|Red-chested owlet (right)|
The red-chested owlet is a very small owl, which has a light grey facial disc with whitish markings and short white eyebrows. The head and neck are dark grey and the back and wings are sooty brown. The long tail has three faint bars, the upper breast and flanks have a reddish-brown wash, while the remainder of the underparts are whitish with rufous streaks on the side of the belly. The iris and bill are yellow. Length is about 14 cm (5.5 in) and wingspan is about 35 cm (14 in).
The call of the red-chested owlet is a series up to 20 high pitched whistling notes.
Distribution, subspecies and habitat
There are currently three recognised subspecies of red-chested owlet:
- Glaucidium tephronotum tephronotum: Liberia, Ivory Coast and Ghana
- Glaucidium tephronotum pycrafti: southern Cameroon and northern Gabon
- Glaucidium tephronotum medje: Congo, eastern Democratic Republic of the Congo, southwestern Uganda and western Kenya.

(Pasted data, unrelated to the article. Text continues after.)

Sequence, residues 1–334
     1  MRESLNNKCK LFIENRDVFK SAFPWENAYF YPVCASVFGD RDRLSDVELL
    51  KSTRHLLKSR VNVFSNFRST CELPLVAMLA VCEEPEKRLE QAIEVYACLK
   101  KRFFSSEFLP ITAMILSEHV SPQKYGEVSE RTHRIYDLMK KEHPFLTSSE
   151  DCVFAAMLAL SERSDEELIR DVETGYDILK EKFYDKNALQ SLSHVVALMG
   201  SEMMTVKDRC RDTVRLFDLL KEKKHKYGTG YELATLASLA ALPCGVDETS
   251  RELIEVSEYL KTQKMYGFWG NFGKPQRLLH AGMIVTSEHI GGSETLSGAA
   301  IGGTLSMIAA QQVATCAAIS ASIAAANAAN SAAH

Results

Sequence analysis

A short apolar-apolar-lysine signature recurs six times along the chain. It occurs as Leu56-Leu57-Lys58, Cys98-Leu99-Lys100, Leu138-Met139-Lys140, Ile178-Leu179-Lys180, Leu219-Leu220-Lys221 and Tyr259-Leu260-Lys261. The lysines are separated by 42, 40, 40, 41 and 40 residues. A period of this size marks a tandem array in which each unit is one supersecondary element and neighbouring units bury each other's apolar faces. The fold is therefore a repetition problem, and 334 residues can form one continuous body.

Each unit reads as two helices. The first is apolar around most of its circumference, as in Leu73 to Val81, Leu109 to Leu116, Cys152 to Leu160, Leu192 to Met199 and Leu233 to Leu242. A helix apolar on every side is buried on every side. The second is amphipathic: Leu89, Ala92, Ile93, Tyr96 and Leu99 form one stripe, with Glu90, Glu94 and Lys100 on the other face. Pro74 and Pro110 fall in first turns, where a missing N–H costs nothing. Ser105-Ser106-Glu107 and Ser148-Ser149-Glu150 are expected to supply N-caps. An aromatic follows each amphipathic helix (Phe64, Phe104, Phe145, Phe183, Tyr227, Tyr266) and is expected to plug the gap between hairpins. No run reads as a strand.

The red-chested owlet inhabits primary rain forest and a mosaic of forest and scrub, as well as clearings and forest edges. It inhabits elevations of up to 2,150 m (7,050 ft) above sea level.
The red-chested owlet is mainly nocturnal but will hunt and call on overcast afternoons; it roosts in cavities in trees during the day. The main food is insects such as beetles, mantises, grasshoppers, moths and cockroaches, as well as small mammals and birds. Its breeding behaviour is almost unknown but it is thought to nest in the old nesting cavities created by woodpeckers or barbets.
The IUCN (International Union for Conservation of Nature) Red List, classifies the red-chested owlet as least concern, since the population is believed to be stable and has a sizable range.